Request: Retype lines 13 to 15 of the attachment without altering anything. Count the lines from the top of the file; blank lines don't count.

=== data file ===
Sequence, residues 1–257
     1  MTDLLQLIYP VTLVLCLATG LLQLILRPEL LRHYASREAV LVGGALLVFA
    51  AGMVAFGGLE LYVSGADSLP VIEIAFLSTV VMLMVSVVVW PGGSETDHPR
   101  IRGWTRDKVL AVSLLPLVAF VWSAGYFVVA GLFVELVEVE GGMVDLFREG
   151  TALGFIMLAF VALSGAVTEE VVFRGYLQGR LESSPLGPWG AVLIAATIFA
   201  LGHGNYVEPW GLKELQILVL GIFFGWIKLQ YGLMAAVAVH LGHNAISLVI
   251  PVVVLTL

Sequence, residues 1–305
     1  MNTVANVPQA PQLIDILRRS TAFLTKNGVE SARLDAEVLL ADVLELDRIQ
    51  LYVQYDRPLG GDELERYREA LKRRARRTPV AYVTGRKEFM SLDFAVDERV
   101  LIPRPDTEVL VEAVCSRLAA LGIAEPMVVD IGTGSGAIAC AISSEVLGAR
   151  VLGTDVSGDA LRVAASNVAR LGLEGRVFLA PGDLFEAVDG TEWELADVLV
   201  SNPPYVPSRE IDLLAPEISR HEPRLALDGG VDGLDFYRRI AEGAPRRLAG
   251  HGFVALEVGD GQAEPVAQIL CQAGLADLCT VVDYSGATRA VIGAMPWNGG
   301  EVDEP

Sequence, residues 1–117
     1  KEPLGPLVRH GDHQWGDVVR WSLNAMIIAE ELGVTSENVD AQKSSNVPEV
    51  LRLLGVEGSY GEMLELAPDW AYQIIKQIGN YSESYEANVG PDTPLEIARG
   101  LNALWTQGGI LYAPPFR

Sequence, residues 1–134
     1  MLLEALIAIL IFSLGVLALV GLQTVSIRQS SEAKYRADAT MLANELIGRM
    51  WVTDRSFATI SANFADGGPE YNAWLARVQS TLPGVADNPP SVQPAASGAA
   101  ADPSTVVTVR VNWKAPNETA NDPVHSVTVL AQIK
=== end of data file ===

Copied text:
   201  SNPPYVPSRE IDLLAPEISR HEPRLALDGG VDGLDFYRRI AEGAPRRLAG
   251  HGFVALEVGD GQAEPVAQIL CQAGLADLCT VVDYSGATRA VIGAMPWNGG
   301  EVDEP